- Protect your password and make it strong. A phrase that combines letters, numbers and special characters is a commonly used best practice.
- Stay off public wifi when accessing ePHI. It’s tempting to catch up on work at the local coffee shop or the airport, but public wifi is a notorious favorite of hackers.
- Immediately report any suspicious activity to your IT department. Strange email? Don’t click the link or open the attachment – call IT.
Things get a little more straightforward when you step into the technology side. That’s not to say it’s easier. But common security controls are just that, common. Data encryption for static and in-transit data, keeping up with software security patching, frequent system backups, a secure messaging platform and access control audits – all place significant barriers in front of sensitive healthcare data.
Where does responsibility for healthcare data breaches lie? Workforce, cybercriminals, technology vulnerabilities, lack of training – any and all can place ePHI at risk. While there is no magic pill to secure healthcare information, there are many ways to manage the risk. To learn how Apgar and Associates can help you manage risk and ramp up privacy and security measures, contact us today.
The sneakiest of cyber-attacks, phishing has grown in sophistication even as organizations work to tighten cybersecurity programs. Phishing attacks have always been an easy backdoor into an organization’s – or individual’s – network. With one click as you rush through daily emails, you can unleash malicious software into the system.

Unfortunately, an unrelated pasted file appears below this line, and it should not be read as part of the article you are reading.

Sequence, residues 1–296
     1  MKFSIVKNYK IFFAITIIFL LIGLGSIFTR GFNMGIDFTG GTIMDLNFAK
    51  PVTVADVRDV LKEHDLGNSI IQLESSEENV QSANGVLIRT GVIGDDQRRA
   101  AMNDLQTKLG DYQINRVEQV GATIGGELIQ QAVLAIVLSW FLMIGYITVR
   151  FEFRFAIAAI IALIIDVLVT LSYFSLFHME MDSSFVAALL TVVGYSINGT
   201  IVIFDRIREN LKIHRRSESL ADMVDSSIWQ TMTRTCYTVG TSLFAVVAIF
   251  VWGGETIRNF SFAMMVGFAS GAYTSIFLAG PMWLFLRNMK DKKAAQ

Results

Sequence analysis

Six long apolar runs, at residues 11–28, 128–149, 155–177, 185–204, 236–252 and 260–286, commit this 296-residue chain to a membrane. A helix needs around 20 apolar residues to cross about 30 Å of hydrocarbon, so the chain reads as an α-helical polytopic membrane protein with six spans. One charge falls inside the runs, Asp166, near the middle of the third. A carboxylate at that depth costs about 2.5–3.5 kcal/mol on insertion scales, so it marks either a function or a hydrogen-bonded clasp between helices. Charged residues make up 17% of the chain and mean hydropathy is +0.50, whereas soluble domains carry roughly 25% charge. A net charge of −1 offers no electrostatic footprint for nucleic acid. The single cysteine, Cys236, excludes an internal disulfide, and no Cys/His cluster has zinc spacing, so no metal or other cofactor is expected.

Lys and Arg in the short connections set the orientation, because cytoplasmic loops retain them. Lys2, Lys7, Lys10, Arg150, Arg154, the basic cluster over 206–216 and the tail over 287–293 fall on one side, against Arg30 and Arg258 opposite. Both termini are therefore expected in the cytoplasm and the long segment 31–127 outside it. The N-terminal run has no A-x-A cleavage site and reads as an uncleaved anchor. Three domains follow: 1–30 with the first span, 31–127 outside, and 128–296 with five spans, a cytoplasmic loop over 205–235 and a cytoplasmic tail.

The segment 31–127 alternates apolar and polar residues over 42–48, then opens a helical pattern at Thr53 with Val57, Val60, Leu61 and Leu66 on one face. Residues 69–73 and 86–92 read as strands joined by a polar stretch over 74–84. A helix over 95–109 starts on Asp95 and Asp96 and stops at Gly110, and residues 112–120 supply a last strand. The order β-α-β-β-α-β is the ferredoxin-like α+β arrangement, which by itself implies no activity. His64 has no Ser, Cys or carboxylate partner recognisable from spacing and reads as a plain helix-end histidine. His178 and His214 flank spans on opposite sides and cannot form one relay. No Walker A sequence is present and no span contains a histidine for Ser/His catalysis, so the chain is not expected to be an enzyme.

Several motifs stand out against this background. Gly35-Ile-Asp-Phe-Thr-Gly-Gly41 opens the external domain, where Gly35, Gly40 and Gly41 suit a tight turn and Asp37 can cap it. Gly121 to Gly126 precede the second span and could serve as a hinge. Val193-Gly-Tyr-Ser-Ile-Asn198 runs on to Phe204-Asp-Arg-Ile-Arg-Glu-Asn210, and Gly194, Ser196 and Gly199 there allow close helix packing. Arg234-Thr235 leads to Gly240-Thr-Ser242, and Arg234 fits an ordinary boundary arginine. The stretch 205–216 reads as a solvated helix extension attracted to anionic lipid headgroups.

Phishing fools the best employees. Impersonation has become slick – emails look nearly identical to those you’d get from a bank, shipping service, or online retailer. Even government agencies get used to perpetuate the scam. Links or attachments that look benign, like receipts, tracking links or spreadsheets, contain nasty malware that can bring down a system and halt business operations until it’s contained.
6 Phishing-wary Best Practices
- Recognize the sender’s email address. Then stop. Look again, and don’t click on the link or open the attachment. If the topic seems even a hair out of character for the sender, it may be coming from a hacked account.
- Hover your cursor over the suspect link. If the heading says it’s from your bank but the web link that you see when you hover your cursor over the link doesn’t match, don’t click the link! It would be a good idea to report these scams to your bank or other legitimate sender you may communicate with.
- Don’t recognize the email address or sender? Definitely don’t click. And perhaps let your IT department know a strange email is in your Inbox.
- Weren’t expecting an email from this sender? Use the telephone! Yes, an old-fashioned call to verify that the email is legitimate could save your company a world of hurt.
- Pay close attention to emails directing you to websites that look just a little off. Fake sites often impersonate real ones.
- Update software security and anti-malware software when it’s released. Don’t swipe it off the screen or keep clicking “install later.” That’s the kind of procrastination cyber attackers count on.
- Backup data frequently, then test those backups. You want to know that a data restore action actually works. If it doesn’t, rethink your backup strategy.